As expected, there was a high level of motivated talent in every investor presentation. Rockhurst's Executive MBA Program does a good job with attracting high quality students that have achieved success in their real world careers. But I was struck, and even somewhat surprised, by a few things this year compared to years past.
- Presentation styles can vary as much as the people giving them. Some of the E-MBA students chose visual aids, some barely even had a graph inside their investment deck. Some emphasized their management experience, while other went straight to the heart of asking for the money. But as much as I would expect only slight variations from a predictable and safe investor pitch format, their individual styles varied greatly but all were pretty good. Really. Perhaps it is a reflection of making each presentation a reflection of the presenter, but seemingly (and finally) someone has told these students that you don't have to be a robot and follow one single model. And thank goodness Guy Kawasaki's 10-20-30 Power Point Rule seemed to be active in these students too.
- The quality of the Executive MBA student seems to have really changed in this down economy. Sometimes you will find students who have decided to pursue an MBA with no clear path to their next career move. Maybe it is an attempt to delay the real world and extend the college experience. But this year I spoke to more smart, passionate and self-directed professionals than ever before, and I did not meet one candidate that I thought would have been better off keeping their money and not enrolling in this program. Call it the economy...call it a fluke...but I am glad to see that common sense-based people haven't become outlawed in the Missouri or Kansas region!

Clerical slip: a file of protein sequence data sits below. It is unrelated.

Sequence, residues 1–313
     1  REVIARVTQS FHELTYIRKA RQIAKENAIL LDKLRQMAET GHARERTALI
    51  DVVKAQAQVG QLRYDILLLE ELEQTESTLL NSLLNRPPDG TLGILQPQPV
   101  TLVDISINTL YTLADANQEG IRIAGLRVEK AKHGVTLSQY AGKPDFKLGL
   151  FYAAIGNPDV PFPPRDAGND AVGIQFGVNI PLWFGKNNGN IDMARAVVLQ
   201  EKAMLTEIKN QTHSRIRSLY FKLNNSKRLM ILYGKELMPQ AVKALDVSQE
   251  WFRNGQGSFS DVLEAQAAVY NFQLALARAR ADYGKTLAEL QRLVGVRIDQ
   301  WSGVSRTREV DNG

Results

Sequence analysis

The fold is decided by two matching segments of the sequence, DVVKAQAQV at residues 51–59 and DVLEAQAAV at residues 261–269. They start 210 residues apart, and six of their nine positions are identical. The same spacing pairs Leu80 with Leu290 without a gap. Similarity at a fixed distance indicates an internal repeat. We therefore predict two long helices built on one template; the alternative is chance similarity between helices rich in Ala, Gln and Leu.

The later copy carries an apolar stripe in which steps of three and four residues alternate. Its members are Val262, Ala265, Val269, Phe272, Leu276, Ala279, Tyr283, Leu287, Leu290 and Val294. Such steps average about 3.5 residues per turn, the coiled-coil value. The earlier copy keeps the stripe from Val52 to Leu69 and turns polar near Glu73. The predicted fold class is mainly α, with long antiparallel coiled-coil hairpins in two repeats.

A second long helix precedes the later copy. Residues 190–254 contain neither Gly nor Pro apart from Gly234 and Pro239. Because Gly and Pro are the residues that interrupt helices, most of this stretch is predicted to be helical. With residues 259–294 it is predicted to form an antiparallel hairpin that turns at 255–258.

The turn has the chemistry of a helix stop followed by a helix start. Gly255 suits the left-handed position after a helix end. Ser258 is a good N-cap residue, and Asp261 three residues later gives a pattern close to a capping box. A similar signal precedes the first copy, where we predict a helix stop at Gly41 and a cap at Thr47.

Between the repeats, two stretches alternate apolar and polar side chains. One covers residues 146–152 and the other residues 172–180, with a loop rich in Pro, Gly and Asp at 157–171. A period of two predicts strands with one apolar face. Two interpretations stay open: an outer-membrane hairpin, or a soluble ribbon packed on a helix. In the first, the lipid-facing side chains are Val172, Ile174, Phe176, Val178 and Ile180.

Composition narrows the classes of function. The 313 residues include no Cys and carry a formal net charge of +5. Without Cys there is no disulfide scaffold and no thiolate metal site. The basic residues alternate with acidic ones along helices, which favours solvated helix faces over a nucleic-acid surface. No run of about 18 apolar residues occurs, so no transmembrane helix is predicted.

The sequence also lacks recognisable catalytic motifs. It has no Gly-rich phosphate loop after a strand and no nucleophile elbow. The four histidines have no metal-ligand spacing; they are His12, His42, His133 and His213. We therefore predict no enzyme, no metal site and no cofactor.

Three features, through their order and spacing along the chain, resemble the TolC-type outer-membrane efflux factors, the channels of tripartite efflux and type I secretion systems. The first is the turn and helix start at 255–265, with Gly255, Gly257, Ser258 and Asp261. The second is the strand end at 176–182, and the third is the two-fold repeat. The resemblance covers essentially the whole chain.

- My hat is off Professor Al Hawkins, PhD, who facilitated tonight's program. Between his skill with students, but still calling it like he sees it, to his appreciation for the Socratic educational philosophy that allows students to really grow and develop real world skills, Al is a true professional in education.
Written by Herb Sih.